Thursday, June 07, 2007

google maps' "streets view"

Joe and I sampled Google's "streets view" maps feature last week, and after a few minutes came up with all kinds "Y'know what's gonna happen"s... One big one of course, was the inadvertant capture of everyday people engaged in, umm... compromising behavior. You could capture anything by chance, y'know? From nose picks to arguments to clandestine rendezvouses to muggings. WIRED magazine started taking submissions of some such finds, probably on the day of street view's release. There's probably hundreds of sites or blogs collecting similar material by now.

I stumbled across a link to one that I saw featured on THE DAILY SHOW. Too funny. =)

* June 10, 2007. Wow! "This image is no longer available." It was of a man taking a whiz on a speed limit sign along the highway. Here's the link to the WIRED collection of interesting street views. Not all that scandalous a selection.

* June 11, 2007. Found a post at The Consumerist that includes the sign-whizzing image... The post refers to an interview at Freakonomics with Google's Streets View product manager.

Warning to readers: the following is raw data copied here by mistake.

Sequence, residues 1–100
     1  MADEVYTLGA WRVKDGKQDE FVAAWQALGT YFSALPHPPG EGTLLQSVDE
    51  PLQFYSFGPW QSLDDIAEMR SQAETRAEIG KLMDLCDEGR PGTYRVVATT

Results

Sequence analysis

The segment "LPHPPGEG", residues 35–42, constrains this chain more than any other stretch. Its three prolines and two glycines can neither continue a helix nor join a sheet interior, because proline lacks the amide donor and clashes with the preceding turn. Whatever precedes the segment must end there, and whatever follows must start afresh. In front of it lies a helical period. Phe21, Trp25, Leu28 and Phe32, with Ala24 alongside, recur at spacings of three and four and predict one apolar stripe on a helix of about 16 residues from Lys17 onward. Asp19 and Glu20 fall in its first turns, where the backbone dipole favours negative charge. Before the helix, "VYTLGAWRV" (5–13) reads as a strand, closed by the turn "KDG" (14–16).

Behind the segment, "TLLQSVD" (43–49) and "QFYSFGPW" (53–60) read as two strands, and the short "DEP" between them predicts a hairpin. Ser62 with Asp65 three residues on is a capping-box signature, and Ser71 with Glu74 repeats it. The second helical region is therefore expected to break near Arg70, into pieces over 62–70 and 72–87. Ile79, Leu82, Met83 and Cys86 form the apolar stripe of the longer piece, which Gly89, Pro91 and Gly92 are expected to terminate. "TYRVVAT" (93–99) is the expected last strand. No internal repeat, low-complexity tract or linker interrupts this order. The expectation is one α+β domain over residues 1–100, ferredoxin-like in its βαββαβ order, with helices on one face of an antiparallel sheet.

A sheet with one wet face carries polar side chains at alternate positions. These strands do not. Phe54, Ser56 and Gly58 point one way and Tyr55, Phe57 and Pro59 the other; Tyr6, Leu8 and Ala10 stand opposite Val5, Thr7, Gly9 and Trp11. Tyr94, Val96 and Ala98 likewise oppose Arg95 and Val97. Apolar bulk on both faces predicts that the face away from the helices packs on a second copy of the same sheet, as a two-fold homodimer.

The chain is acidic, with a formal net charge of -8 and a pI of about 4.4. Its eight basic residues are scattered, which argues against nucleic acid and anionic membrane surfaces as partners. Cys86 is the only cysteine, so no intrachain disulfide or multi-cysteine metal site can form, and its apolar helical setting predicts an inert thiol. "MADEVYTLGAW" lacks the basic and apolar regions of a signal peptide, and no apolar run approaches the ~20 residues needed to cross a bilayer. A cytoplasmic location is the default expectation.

A little disappointing that Boston hasn't been assimilated yet. Seems like it's just San Fran and Manhattan so far.

* June 9, 2007. Besides Boston, NY and SF were the only locations that I tried. Today I see that they've got Vegas, Denver, and Miami street viewed as well.

I hazily recall a laserdisc project from the 80s being dubbed the first, or an early, example of interactive multimedia. It was a photographic survey of all the streets in the downtown of a city. Laserdisc tech allowed a viewer to jump to any location at will, or play back the sequence of snaps that connected one location to another. I was hoping for that option thru street view, but alas, not (yet) happening.

* June 12, 2007. Wack! Found an entry at Wikipedia for the (sorry, it's called) HYPERmedia project with the laserdisc of city street photography. The city was Aspen. Thank you, interweb!

It's a little sad how this one turn of a phrase from the article makes me feel so... well, old, I guess: "... transferred to laserdisc, the analog-video precursor to DVD technology..." The writer felt that an appellative was necessary to explain the term "laserdisc" to readers! *sigh*

Keep on peekin on~

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